Annals of Internal Medicine is published by the American College of Physicians-American Society of Internal Medicine (ACP-ASIM), an organization of more than 115,000 internal medicine physicians and medical students. The following highlights are not intended to substitute for articles as sources of information. For an embargoed fax of an article, call 1-800-523-1546, ext. 2656 or 215-351-2656.
Recent federal initiatives give trained physicians in office-based practices permission to use methadone for addicted patients (Perspective, p. 688). The initiatives, which include new legislation, regulations, and a shift in federal oversight, aim to expand access to substance abuse treatment. They permit primary care physicians to care for people with drug addiction who choose not to enter or cannot get into methadone treatment programs. These initiatives may make addiction treatment more like the care provided for other chronic medical conditions.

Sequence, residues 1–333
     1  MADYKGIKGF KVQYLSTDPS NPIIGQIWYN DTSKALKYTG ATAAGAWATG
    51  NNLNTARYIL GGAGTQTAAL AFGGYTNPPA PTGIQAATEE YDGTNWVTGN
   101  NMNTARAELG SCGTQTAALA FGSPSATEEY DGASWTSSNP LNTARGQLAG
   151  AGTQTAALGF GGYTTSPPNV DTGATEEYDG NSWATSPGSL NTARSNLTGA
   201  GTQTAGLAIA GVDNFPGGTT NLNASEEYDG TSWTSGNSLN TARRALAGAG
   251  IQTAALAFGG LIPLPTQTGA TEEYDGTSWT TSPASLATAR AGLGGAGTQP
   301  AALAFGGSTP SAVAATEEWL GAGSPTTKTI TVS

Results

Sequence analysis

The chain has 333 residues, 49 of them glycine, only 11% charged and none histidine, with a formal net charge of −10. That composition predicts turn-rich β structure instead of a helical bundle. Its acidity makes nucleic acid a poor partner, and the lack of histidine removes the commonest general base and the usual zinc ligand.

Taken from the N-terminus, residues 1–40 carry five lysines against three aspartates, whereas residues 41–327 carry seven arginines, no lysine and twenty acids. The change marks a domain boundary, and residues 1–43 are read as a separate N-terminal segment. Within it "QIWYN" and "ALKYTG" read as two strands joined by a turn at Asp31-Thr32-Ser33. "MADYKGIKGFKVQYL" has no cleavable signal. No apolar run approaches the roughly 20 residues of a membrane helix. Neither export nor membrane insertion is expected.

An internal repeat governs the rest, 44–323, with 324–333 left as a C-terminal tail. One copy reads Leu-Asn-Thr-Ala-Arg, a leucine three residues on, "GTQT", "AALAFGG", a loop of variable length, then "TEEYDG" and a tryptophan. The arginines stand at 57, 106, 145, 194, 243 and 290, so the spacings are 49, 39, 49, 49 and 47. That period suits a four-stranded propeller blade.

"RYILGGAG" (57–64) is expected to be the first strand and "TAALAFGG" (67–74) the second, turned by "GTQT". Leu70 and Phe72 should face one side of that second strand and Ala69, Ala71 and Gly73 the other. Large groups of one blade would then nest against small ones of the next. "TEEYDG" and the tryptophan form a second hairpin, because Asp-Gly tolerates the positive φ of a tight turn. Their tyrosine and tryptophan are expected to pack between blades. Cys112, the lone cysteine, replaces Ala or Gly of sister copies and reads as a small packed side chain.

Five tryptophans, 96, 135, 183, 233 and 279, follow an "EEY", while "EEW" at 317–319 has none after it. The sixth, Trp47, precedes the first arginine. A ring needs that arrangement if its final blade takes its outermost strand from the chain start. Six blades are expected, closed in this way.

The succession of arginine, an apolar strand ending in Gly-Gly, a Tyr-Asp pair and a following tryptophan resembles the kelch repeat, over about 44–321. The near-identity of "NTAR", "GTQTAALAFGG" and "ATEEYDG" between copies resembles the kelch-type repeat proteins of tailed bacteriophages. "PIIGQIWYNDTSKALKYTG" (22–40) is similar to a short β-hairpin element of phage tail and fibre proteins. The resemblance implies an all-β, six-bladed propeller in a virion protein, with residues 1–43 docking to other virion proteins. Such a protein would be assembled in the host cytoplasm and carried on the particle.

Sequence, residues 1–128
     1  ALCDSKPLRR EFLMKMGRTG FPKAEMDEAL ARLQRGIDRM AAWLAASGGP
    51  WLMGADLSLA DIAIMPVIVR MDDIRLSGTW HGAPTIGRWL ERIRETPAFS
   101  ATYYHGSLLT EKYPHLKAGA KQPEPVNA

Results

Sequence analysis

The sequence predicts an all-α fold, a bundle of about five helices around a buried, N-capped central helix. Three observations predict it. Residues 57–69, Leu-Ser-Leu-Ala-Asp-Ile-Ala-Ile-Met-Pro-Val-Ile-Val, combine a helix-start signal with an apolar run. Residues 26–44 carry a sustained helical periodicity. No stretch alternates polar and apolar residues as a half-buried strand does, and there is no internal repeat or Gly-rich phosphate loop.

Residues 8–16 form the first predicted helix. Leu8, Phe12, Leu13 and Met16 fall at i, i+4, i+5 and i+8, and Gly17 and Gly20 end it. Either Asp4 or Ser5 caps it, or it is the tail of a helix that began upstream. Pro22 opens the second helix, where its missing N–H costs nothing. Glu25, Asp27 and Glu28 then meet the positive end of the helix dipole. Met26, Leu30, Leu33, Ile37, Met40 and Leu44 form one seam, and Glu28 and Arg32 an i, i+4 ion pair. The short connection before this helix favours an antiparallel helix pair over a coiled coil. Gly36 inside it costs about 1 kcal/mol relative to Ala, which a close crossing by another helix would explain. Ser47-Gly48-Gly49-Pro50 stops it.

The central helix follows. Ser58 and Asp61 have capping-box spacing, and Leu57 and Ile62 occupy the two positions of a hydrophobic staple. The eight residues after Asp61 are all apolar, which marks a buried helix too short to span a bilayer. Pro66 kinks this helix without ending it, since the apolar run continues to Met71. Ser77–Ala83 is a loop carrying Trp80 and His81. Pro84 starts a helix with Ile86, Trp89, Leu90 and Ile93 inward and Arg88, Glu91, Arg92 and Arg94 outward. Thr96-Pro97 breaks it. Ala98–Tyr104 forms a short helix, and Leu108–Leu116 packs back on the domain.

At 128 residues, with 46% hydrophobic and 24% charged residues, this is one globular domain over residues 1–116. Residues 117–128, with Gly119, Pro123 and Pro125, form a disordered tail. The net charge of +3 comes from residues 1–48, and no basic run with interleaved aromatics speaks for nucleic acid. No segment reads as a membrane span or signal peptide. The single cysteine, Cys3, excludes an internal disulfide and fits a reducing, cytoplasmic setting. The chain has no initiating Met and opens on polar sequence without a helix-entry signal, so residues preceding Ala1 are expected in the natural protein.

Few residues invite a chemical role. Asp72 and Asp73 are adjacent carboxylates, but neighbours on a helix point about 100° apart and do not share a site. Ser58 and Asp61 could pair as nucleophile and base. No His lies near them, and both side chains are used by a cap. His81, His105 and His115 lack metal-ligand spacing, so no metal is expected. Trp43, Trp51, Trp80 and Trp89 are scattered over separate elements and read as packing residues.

When hair segments of 89 HIV-infected patients were tested for indinavir, a commonly used anti-HIV drug, the levels of the drug were significantly higher in those who were responding to therapy than those who were not responding (Brief Communication, p. 656). An editorial discusses details of hair analysis, which heretofore has been studied mostly for measuring exposure to cocaine, opiates and amphetamines (Editorial, p. 693). The editorial says "hair analysis represents a significant, convenient, and affordable advance in assessing exposure to antiretroviral therapies over extended periods."
(Academia and Clinic, p. 665.)